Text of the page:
Aisha Bhari               Completed                 0 B (0 bytes)                                      100
Andrew O'Grady            Completed                 204.2 MB (214,083,224 ...                          100
Denise Dartnell           Completed                 204.8 MB (214,717,706 ...                          100
Garth Gibbons             Completed                 203.4 MB (213,254,283 ...                          100
Harinder Rahman           Completed                 203.8 MB (213,746,554 ...         

Windows Server 2008 : Controlling Access to Web Services (p5) - Managing URL Authorization Rules

Managing URL Authorization Rules

Authorization is a method by which systems administrators can determine which resources and content are available to specific users. Authorization relies on authentication to validate the identity of a user. Once the identity has been proven, authorization rules determine which actions a user or computer can perform. IIS provides methods of securing different types of content using URL-based authorization. Because Web content is generally requested using a URL that includes a full path to the content being requested, you can configure authorization settings easily, using IIS Manager.

Creating URL Authorization Rules
To enable URL authorization, the UrlAuthorizationModule must be enabled. Authorization rules can be configured at the level of the Web server for specific Web sites, for specific Web applications, and for specific files (based on a complete URL path). URL authorization rules use inheritance so that lower-level objects inherit authorization settings from their parent objects (unless they are specifically overridden).
To configure authorization settings, select the appropriate object in the left pane of IIS Manager, and then select Authorization Rules in Features View. Figure 6 shows an example of multiple rules configured for a Web site.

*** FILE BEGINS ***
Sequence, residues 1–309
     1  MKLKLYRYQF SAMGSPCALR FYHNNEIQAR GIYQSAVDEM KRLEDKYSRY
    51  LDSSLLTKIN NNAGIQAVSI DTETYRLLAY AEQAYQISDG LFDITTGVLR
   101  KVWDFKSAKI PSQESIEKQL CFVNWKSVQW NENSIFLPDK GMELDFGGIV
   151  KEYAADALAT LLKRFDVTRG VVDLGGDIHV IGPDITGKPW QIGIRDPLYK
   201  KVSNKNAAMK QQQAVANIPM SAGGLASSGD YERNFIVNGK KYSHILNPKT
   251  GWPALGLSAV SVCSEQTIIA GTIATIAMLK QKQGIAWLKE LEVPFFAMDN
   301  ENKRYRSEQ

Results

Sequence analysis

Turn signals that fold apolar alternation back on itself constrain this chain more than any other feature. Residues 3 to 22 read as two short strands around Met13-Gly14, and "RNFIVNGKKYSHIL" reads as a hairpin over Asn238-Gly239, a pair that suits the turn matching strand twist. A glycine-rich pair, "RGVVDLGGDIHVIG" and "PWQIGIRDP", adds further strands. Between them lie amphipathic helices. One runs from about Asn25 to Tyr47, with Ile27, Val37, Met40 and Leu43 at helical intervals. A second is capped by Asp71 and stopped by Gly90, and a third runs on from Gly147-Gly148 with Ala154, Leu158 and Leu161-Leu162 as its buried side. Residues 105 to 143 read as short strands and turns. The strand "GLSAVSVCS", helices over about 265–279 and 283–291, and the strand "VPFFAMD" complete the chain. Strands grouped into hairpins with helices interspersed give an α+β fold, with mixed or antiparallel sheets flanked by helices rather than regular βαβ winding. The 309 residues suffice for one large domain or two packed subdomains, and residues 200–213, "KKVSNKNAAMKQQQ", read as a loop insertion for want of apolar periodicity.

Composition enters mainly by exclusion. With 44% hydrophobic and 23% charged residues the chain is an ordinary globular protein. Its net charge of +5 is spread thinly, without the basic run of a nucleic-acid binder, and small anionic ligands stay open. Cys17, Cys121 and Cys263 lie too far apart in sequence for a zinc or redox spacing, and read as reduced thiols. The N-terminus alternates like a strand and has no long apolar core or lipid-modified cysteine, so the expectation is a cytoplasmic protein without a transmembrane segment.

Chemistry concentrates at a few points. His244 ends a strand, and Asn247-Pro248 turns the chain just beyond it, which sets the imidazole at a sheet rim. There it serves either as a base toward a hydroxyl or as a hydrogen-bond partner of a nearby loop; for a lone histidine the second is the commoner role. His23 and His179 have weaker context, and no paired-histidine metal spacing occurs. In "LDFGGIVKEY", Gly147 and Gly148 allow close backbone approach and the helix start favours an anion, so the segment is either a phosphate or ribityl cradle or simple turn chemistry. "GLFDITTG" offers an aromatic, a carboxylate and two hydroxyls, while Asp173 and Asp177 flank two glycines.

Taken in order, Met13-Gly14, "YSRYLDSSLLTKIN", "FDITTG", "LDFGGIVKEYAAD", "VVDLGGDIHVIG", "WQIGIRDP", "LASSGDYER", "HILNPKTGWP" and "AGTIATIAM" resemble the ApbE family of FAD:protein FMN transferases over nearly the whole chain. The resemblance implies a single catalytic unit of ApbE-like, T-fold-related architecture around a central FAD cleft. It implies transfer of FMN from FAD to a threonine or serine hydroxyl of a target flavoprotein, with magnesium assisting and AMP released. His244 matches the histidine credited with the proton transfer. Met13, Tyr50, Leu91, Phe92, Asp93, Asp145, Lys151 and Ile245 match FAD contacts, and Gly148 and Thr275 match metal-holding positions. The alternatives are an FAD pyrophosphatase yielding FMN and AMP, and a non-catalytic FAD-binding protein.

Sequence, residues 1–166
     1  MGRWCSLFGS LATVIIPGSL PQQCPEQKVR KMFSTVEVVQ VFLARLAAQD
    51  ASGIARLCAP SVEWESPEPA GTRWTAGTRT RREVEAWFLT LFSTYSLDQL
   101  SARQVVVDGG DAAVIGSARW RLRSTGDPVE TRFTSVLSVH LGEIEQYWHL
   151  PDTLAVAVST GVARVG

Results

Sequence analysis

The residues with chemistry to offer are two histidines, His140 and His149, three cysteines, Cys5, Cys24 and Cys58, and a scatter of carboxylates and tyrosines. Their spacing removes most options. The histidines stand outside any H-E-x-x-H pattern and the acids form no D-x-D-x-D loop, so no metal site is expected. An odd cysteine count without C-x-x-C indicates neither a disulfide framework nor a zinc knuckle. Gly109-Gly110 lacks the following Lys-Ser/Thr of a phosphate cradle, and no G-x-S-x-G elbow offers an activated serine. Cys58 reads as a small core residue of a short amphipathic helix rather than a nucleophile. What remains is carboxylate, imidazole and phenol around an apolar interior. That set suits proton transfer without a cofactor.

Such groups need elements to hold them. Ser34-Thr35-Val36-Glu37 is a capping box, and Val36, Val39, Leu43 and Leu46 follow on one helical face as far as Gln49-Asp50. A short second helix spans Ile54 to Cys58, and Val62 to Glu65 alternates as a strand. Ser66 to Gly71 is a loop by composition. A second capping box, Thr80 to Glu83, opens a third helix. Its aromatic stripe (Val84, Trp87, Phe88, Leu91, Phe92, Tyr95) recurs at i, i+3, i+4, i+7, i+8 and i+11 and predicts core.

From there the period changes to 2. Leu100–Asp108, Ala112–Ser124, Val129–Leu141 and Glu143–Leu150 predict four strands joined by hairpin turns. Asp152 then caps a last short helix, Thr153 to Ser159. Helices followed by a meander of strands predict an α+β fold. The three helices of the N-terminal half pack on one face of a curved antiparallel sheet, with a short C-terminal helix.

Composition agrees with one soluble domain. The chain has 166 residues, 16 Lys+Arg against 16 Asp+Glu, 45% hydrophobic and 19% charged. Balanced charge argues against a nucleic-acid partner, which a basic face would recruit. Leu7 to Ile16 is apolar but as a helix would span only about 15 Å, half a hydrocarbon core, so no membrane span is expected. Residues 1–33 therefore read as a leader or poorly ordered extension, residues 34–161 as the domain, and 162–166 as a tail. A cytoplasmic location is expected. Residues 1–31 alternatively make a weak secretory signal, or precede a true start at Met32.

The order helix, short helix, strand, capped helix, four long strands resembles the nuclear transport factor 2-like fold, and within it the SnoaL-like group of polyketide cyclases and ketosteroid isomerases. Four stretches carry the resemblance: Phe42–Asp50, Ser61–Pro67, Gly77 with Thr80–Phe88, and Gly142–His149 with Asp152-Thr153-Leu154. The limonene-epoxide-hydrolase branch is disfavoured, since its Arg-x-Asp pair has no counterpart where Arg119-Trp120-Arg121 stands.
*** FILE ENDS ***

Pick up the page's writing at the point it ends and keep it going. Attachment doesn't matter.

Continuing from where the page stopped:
Figure 6. Viewing authorization rules for a Web site

There are two types of rules: Allow and Deny. You can create new rules by using the Add Allow Rule and Add Deny Rule commands in the Actions pane. The available options for both types of rules are the same. (See Figure 7.) When creating a new rule, the main setting is to determine to which users the rule applies. The options are:
  • All Users
  • All Anonymous Users
  • Specific Roles Or User Groups
  • Specific Users

Figure 7. Creating a new Allow Rule for a Web application

When you choose to specify users or groups to which the rule applies, you can type the appropriate names in a command-separated list. The specific users and groups are defined using .NET role providers. This is a standard feature that is available to ASP.NET Web developers. Developers can create their own roles and user accounts and can define permissions within their applications. Generally, information about users and roles is stored in a relational database or relies on a directory service such as Active Directory.
In addition to user and role selections, you can further configure an authorization rule based on specific HTTP verbs. For example, if you want to apply a rule only for POST commands (which are typically used to send information from a Web browser to a Web server), add only the POST verb to the rule.

Managing Rule Inheritance
As mentioned earlier in this section, authorization rules are inherited automatically by lower-level objects. This is useful when your Web site and Web content is organized hierarchically based on intended users or groups. The Entry Type column shows whether a rule has been inherited from a higher level or whether it has been defined locally. IIS Manager automatically will prevent you from creating duplicate rules. You can remove rules at any level, including both Inherited and Local entry types.

Friday, February 15, 2013

when I click on a PDF hyperlink I get "no program is registered to open this file" all of the hyperlinks are set properly but when I view the presentation I get the error message that there is no program registered to open the file.

In my own experience, it's a profile issue. I tried creating new credential, I open the file with PDF hyperlink it was working fine. So, I backup my important files and deleted my profile. Then recreated the account ID, it works.

How to delete profile:
Note: Make sure you are using different user account with Administrative privilege. Otherwise, the profile cannot be deleted.

1. Right click 'Computer' then properties
2. Click 'Advanced system settings'
3. In 'User Profiles' section, click settings
4. Select the Profile and Delete